Big League Stew - MLB

It may be the oldest trick in the book, but it sounds like Clint Hurdle saved a delicious bit of gamesmanship for all those who made it through all 14 innings of the Pittsburgh Pirates' 4-3 win over the Colorado Rockies on Friday night.

Only a few fans were left at PNC Park when Jose Tabata(notes) (right) won the game with a double off the right field wall with two outs in the bottom of the 14th inning. The hit allowed Josh Rodriguez(notes) to race home all the way from first, but it was possibly some good ol' fashioned baseball trickery that had Colorado manager Jim Tracy making the inexplicable move of pitching to Tabata in the first place.

As Tabata dug in for the at-bat, the Pirates' on-deck circle was inhabited by Andrew McCutchen(notes), giving off the appearance that the star center fielder was due up next. The Pirates' next batter, though, would have been relief pitcher Garrett Olson(notes) since Hurdle had pulled a double-switch earlier and Pittsburgh's bench was now empty.

But instead of walking Tabata to face Olson — he of six career at-bats and one career hit — Tracy elected to pitch to Tabata. That, of course, turned out to be a big mistake.

But was McCutchen's deceptive presence orchestrated by Hurdle? And did it play a part in Tracy's decision to stay away from having Franklin Morales(notes) issue an intentional walk?

Hurdle — who used to manage the Rockies and was replaced by Tracy — weakly denied the first bit with a knowing smirk.

Tracy — who used to manage the Pirates — shook his head on the second.

From the Pittsburgh Post-Gazette:

Asked if the move was a decoy to get the Rockies to think McCutchen was up next ... "No, come on, why would we do that," Hurdle said with a sly chuckle.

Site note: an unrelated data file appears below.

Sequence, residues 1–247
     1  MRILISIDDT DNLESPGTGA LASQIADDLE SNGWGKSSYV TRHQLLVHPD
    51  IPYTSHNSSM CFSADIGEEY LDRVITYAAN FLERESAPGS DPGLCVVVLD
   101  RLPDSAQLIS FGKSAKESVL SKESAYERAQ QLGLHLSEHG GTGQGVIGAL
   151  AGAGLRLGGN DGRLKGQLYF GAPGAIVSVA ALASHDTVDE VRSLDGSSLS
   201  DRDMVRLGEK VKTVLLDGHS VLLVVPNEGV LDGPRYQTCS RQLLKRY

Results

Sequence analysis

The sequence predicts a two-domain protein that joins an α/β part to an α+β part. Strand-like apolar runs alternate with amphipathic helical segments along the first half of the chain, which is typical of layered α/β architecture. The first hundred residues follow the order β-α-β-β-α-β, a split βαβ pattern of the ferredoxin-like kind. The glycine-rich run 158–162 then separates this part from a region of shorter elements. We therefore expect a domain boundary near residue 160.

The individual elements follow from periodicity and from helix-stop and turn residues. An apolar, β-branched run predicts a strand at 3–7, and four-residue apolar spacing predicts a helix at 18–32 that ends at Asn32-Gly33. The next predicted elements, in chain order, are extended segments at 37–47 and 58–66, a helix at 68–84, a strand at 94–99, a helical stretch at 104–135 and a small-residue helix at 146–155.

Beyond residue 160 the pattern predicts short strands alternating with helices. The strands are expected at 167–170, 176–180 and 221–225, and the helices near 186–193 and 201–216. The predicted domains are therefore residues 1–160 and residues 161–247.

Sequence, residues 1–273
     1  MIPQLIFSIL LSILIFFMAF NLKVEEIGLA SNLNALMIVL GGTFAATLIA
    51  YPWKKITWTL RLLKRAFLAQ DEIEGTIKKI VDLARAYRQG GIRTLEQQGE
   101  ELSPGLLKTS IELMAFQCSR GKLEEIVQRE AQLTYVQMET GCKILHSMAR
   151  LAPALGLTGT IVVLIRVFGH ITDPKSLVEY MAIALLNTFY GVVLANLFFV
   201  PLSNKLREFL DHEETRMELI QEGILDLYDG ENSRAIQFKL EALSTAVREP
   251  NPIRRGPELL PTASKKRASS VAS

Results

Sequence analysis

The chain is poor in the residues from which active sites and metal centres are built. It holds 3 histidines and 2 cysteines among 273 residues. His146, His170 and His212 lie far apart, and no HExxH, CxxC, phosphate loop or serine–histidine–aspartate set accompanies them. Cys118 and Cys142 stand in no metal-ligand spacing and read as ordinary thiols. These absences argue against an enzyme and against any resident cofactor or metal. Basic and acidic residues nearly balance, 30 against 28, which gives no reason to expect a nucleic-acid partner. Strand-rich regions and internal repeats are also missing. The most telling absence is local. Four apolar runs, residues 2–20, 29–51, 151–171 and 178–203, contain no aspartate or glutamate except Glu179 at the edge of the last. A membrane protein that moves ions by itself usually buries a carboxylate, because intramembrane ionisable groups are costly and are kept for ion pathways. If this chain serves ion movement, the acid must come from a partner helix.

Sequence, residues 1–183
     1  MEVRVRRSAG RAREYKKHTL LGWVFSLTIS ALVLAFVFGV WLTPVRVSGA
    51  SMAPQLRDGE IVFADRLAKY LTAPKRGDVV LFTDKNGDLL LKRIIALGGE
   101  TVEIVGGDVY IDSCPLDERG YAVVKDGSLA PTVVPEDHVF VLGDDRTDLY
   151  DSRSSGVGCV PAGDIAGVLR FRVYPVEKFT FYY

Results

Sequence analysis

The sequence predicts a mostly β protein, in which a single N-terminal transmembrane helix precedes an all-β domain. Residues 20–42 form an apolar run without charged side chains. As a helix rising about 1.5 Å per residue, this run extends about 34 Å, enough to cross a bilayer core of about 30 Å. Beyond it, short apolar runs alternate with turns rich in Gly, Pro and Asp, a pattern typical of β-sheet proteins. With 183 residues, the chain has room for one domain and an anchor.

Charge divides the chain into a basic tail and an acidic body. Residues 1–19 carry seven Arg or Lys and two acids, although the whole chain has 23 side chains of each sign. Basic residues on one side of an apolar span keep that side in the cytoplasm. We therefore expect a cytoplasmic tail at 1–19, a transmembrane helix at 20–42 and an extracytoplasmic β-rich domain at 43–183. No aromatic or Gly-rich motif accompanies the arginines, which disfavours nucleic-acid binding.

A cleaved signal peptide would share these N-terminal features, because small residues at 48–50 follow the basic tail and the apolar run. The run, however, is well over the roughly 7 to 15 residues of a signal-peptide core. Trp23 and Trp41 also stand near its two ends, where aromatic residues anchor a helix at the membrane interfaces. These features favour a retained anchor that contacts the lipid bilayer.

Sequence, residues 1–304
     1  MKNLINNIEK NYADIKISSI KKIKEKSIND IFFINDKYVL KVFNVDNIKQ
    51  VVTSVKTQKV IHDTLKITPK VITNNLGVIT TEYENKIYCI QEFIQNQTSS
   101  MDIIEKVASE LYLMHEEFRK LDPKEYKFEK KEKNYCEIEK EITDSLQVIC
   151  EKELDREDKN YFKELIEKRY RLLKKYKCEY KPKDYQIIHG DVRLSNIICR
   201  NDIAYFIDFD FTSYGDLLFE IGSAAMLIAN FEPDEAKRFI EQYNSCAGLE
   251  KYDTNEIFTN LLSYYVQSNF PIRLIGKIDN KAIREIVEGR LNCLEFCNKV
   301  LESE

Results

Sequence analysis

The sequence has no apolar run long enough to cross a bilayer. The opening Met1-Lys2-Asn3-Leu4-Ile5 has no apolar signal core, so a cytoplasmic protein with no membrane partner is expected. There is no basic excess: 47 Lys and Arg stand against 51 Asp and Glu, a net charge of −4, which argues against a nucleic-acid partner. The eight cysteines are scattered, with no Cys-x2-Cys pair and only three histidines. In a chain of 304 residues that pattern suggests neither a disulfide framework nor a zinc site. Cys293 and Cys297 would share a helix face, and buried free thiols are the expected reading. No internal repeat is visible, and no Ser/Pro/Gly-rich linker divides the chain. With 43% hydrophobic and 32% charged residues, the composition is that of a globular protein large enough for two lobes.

Tracy's logic, after the game, was that Tabata needed an extra-base hit to beat his team.

"To walk him into scoring position ... I know they have somebody over there that maybe takes a swing and not have to hit the ball very far at all to end up winning the game that way also," he said.

Colin Dunlap of the Post-Gazette did some solid reporting on this and he talked to some Pirates players who believed that Tracy fell for it ... hook, line and sinker. Fellow writer Dejan Kovacevic says he also remembers Tracy's time in Pittsburgh when Tracy messed up some basic baseball strategy. It's probably not too far of a leap for Pirates fans to take when celebrating their new manager — and laughing at their old one — this morning.

But whether or not Tracy was duped is probably irrelevant because the move he did make with the knowledge he claimed was a bad one. As Mark Townsend noted in this morning's Juice, Tabata entered the game tied with the most hits in the majors since the 2010 All-Star break with 104. With two outs, facing Olson was the much safer option.

Assuming that Tracy knew what the real lineup even was, of course.

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